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Jane and I had a busy morning in the garden this morning.  For the past week we've been seeing an increase in the number of all kinds of butterflies but primarily Gulf Fritillaries, Monarchs, Queens and Viceroys.   In my own yard I've seen several yellow swallowtails too.

This morning near the milkweed in the pollinator bed, Jane discovered what we at first thought was a monarch caterpillar, but on closer examination we saw that it had three sets of filaments (those antennae like protuberances on their backs that some incorrectly refer to as tentacles or antennae).  The Monarch caterpillar only has two sets of filaments but the Queen has three sets.  The poor thing was away from the milkweed on some tall Bermuda grass. Half of one of its filaments was missing.  I decided that it should be rescued so I brought it home with me.  This is my second caterpillar rescue for 2018.  In the spring I rescued a Monarch caterpillar and let it go as a female Monarch butterfly.  I'm sure there will be many more to come in addition to tagging adult Monarchs.  Last year Loving Garland Green tagged 100 monarchs.  This year we ordered 200 tags.  Tagging in North Texas begins around Labor Day.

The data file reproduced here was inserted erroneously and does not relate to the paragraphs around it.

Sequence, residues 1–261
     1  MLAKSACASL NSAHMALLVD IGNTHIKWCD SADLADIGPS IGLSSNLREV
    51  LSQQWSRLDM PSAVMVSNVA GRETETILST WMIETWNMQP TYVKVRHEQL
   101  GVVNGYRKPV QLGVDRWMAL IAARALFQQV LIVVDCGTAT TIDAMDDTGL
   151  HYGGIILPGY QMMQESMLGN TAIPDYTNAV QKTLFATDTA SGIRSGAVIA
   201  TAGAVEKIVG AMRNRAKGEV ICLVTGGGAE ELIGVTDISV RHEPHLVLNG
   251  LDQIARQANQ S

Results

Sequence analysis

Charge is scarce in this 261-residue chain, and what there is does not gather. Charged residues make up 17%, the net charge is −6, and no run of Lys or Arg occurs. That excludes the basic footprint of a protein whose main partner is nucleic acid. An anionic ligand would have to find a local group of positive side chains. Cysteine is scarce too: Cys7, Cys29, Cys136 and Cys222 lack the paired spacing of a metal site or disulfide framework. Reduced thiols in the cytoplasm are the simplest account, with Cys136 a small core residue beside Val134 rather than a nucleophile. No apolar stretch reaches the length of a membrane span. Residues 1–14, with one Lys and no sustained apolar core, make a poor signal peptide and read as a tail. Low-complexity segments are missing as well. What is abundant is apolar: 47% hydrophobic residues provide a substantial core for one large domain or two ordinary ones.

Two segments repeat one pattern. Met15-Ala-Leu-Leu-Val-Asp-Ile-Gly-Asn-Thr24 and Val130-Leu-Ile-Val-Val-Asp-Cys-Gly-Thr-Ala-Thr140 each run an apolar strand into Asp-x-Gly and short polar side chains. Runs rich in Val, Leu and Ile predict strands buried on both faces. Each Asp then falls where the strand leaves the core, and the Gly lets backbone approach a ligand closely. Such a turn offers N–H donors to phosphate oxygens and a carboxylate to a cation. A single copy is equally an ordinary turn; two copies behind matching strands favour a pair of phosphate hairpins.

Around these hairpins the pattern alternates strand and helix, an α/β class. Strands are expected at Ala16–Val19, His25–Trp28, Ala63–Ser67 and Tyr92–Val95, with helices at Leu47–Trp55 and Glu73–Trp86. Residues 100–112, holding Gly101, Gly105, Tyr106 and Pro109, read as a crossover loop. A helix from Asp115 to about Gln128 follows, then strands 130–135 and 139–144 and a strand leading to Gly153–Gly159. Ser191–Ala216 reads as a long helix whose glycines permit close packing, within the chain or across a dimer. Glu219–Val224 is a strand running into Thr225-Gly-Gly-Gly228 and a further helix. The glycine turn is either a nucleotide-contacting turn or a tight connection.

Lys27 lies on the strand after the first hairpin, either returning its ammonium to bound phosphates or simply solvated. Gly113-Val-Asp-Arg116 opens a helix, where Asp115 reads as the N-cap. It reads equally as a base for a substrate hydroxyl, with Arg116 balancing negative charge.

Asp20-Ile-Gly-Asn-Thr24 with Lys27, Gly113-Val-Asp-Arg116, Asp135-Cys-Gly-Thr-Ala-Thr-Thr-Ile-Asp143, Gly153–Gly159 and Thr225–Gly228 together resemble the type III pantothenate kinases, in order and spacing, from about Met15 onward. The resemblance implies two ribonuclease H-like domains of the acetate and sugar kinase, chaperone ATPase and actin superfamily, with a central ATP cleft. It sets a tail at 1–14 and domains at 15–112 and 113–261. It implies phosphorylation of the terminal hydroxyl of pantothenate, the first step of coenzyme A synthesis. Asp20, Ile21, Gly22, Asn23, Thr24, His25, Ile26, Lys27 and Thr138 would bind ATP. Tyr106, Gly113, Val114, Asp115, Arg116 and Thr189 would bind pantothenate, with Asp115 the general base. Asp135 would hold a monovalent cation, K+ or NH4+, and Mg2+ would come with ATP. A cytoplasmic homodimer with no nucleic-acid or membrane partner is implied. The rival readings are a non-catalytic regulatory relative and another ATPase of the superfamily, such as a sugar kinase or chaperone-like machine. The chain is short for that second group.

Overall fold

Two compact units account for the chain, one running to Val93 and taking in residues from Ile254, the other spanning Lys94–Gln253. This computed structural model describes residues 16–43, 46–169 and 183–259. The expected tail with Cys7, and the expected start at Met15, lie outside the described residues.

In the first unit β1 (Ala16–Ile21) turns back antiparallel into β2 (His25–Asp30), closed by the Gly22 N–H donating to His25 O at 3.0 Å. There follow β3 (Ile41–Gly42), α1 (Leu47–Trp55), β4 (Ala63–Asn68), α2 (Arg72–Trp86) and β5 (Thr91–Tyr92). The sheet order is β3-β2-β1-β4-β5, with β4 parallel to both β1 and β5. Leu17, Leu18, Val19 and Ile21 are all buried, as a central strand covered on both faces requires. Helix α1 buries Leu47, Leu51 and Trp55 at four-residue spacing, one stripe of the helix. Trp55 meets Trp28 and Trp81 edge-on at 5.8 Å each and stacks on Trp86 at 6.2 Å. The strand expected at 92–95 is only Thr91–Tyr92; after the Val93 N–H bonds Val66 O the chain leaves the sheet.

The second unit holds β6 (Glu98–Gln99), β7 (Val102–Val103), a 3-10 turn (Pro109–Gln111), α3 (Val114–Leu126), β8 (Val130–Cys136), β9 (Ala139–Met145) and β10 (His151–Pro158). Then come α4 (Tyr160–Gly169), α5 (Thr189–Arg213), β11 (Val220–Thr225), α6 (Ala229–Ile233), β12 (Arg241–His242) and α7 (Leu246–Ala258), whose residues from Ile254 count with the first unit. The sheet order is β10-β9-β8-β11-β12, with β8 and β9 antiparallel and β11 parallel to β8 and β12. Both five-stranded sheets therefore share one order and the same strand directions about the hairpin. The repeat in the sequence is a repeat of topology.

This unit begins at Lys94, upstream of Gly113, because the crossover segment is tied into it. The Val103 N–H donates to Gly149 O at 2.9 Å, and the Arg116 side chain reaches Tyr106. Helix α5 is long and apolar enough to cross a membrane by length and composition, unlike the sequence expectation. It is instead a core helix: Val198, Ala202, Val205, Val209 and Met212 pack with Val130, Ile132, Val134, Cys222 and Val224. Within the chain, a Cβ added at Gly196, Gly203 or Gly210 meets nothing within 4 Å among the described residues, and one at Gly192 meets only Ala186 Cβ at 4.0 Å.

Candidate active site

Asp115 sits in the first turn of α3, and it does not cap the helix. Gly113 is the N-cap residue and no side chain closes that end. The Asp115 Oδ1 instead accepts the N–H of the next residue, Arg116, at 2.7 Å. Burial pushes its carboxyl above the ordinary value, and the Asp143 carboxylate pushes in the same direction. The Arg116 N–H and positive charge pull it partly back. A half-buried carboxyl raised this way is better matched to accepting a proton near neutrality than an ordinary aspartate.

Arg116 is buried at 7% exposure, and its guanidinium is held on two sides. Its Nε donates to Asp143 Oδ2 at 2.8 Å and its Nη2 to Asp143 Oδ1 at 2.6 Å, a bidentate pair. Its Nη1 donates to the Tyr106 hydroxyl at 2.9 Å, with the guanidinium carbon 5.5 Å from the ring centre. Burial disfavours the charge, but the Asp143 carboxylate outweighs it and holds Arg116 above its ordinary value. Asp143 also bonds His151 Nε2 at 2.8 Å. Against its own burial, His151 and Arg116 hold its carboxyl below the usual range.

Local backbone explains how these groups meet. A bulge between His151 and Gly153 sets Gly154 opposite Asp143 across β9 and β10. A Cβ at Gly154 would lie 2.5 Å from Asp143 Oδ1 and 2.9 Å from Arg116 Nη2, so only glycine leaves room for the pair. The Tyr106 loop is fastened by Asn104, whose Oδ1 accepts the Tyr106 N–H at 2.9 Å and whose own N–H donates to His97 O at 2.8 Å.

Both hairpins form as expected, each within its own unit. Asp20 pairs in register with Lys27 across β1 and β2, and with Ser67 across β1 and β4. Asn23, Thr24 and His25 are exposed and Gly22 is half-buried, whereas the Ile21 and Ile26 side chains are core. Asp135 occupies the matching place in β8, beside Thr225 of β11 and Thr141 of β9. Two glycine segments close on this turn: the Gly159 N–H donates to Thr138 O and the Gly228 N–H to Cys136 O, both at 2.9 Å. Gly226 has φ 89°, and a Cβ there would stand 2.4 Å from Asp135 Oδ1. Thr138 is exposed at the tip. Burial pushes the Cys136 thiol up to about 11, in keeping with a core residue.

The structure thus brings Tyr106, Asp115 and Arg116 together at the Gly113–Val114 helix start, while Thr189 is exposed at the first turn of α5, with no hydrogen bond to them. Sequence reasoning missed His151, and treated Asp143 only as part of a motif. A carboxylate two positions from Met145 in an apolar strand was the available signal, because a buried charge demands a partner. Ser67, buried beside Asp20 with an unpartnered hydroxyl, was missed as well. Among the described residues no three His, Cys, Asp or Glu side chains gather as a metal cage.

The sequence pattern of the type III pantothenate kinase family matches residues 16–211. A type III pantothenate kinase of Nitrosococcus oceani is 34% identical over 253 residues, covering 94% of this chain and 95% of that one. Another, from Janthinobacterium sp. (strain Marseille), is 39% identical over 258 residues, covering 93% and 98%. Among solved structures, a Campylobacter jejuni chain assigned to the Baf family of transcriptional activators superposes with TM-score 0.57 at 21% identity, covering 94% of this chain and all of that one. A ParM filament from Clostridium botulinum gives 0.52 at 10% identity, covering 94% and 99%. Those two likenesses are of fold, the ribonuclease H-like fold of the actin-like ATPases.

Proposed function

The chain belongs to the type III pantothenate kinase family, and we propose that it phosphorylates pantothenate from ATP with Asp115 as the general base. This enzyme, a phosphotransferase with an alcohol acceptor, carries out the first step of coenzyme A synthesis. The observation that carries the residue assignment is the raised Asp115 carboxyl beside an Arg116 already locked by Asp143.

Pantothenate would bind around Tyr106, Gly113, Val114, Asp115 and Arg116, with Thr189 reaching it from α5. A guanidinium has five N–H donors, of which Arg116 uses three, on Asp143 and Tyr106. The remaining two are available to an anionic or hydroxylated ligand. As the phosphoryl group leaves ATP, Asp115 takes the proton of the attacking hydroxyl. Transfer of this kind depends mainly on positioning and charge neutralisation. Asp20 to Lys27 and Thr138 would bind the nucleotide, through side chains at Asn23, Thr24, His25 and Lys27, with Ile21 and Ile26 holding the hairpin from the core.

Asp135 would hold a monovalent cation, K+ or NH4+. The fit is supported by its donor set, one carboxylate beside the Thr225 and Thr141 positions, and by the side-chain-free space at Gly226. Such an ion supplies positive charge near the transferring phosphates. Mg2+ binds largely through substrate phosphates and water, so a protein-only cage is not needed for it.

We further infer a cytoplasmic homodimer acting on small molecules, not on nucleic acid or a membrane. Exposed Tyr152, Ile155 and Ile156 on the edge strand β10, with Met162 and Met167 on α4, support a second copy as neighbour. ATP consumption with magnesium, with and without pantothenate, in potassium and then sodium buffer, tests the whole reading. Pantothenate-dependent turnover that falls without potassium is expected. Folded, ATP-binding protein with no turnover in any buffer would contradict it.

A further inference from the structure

The photo above shows a Monarch caterpillar with its two sets of filaments Photo by Monika Maeckle

Above is a photo I took of the queen caterpillar.  He/she is now safely ensconced in a condo with plenty of milkweed leaves to munch on. I will say that the Queen caterpillar does not eat as fast or greedily as the Monarch caterpillar (but you didn't hear that from me.

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